“There is zero tolerance for acts of hate of any kind and we will continue to monitor this horrific situation,” she tweeted.

New York Gov. Andrew Cuomo said Sunday he considers the attack to be an “act of domestic terrorism.” He ordered the State Police hate crimes task force to investigate.

In more deadly recent attacks, a gunman killed a female rabbi and wounded three people during Sabbath services at Congregation Chabad in Poway, near San Diego, on the last day of Passover in April 2019.

Six months before that, a gunman killed 11 worshipers at the Tree of Life synagogue in Pittsburgh in the deadliest anti-Semitic attack in U.S. history.

A history of violence

Amid the online rancor this weekend, some Twitter commenters on both the right and left sought to put the problem of anti-Semitism in historical perspective.

Jerry Dunleavy, a reporter at the Washington Examiner, said: “Anti-Semitism is an ancient evil that by no means began with Hitler & the Nazis & by no means ended with them. It’s a parasite constantly searching for whatever new host ideology it can latch onto.”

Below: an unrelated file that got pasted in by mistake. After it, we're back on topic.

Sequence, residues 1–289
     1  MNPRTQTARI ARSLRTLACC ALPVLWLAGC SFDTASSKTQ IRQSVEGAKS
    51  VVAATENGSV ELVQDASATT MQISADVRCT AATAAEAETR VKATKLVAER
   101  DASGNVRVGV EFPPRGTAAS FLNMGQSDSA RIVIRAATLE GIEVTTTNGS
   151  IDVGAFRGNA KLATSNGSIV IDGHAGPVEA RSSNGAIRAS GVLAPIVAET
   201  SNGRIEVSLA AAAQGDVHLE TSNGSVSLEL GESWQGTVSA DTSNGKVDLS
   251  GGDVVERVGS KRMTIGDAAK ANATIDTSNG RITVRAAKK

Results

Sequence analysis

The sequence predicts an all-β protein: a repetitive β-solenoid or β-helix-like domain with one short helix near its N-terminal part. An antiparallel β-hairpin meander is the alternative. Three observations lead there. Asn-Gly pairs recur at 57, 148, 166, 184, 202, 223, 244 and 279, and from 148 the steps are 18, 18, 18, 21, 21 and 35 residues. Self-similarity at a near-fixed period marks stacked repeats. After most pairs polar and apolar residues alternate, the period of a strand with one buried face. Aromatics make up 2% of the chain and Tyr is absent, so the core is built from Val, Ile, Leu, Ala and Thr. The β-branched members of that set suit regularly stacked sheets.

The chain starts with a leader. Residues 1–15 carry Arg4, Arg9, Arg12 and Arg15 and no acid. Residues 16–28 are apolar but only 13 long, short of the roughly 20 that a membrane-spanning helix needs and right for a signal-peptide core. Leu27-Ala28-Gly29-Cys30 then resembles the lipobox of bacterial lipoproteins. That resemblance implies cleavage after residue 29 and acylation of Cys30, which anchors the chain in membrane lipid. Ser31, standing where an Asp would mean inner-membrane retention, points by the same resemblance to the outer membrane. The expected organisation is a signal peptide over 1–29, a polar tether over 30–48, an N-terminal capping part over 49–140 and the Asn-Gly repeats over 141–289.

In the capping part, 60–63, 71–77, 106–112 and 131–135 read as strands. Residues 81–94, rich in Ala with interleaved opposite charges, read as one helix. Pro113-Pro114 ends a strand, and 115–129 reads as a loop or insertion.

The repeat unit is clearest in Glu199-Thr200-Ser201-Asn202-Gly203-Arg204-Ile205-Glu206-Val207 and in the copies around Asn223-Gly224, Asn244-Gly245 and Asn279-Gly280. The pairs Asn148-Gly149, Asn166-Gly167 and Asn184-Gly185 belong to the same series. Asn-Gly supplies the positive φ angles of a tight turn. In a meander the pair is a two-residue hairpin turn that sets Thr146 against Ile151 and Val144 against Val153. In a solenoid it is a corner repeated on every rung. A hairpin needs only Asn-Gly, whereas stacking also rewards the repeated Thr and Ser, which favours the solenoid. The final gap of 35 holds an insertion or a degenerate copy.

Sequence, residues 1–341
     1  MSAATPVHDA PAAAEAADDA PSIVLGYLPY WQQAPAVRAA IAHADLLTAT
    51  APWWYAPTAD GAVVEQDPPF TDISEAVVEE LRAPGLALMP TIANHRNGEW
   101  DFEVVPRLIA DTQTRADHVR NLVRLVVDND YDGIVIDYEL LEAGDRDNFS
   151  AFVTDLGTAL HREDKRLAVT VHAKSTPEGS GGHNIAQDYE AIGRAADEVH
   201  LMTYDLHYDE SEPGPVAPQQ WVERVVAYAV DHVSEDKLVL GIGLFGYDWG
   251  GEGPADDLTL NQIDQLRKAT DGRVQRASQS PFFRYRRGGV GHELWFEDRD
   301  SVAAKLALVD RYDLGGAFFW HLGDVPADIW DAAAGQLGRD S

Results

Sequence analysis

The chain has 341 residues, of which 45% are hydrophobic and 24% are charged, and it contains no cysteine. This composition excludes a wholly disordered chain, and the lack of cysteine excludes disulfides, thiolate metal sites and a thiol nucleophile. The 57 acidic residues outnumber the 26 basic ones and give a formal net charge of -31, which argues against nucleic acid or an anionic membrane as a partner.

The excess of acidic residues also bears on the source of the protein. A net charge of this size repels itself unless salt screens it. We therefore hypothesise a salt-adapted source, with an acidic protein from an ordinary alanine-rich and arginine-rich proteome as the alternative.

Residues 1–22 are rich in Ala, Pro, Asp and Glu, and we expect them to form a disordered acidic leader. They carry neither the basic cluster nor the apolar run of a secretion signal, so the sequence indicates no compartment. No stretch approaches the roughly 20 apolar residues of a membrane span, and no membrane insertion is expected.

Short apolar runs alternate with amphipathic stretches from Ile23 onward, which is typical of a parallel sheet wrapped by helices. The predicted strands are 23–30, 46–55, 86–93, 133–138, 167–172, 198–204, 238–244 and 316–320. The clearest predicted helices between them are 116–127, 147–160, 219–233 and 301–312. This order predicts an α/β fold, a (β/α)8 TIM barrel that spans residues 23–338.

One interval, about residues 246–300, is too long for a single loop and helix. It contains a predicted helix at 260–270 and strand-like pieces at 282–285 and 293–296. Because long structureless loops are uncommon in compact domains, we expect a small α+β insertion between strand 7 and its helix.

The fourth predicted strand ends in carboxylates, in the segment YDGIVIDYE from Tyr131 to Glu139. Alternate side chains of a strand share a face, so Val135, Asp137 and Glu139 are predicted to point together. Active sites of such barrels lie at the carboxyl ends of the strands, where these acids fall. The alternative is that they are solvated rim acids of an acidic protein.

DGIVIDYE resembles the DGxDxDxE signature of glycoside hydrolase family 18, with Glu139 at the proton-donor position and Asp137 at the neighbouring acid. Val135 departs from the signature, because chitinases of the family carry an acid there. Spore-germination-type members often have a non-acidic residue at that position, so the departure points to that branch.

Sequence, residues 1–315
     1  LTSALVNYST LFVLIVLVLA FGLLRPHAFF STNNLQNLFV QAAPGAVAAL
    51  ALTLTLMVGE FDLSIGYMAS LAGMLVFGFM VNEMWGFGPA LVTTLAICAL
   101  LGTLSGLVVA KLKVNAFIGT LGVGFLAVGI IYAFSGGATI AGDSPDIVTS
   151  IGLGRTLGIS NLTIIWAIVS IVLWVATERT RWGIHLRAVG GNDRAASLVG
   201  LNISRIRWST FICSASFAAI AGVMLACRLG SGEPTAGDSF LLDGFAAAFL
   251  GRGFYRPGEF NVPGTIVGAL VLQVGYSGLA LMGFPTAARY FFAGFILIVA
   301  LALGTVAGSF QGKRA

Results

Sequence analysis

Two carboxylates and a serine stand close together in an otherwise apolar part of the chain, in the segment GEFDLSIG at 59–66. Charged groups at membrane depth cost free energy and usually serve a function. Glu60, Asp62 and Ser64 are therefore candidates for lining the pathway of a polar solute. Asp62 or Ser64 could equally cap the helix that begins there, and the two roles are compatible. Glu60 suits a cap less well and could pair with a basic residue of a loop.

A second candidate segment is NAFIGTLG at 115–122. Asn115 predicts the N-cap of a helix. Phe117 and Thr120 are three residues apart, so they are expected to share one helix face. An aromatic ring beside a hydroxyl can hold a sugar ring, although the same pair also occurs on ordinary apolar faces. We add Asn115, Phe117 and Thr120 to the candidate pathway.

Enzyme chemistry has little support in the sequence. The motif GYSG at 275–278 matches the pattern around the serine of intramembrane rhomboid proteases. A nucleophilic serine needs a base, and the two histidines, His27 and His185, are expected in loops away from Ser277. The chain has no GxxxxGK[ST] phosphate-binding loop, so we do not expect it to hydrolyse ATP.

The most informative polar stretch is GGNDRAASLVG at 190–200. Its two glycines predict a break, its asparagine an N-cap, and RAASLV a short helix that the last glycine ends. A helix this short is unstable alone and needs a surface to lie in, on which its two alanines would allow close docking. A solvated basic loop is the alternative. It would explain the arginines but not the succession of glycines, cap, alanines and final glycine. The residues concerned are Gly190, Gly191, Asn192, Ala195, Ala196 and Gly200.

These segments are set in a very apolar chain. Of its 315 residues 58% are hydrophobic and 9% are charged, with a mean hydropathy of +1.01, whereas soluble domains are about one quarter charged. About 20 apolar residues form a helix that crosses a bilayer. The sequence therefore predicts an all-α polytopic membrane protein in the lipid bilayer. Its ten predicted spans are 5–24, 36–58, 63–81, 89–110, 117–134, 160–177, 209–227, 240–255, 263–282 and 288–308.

Daniel Seidemann, a researcher and liberal activist in Jerusalem, said, “Anti-Semitism is an underground river that has flowed immediately beneath the surface –or veneer– of Western civilization for millennia.”

Ivanka Trump, the president’s daughter and an Orthodox Jew, condemned the Monsey attack.

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“The increasing frequency of anti-Semitic violence in New York (and around the country) receives far too little local governmental action and national press attention,” she said.

Former Vice President Joe Biden, along with other 2020 Democratic presidential candidates, called for Americans to unify against anti-Semitism.

“We’ve got to stand together as a country and fight these flames of hatred,” he said.

The Jewish holiday of Hanukkah commemorates the 2nd century B.C. victory of Judah Maccabee and his followers in a revolt against armies of the Seleucid Empire.

(Reuters contributed to this report.)

CORRECTION: A previous version of this report cited The Associated Press as saying Grafton Thomas is 37 years old. Authorities have since said he is 38 years old.

Cover image: Grafton E. Thomas. (Screen grab)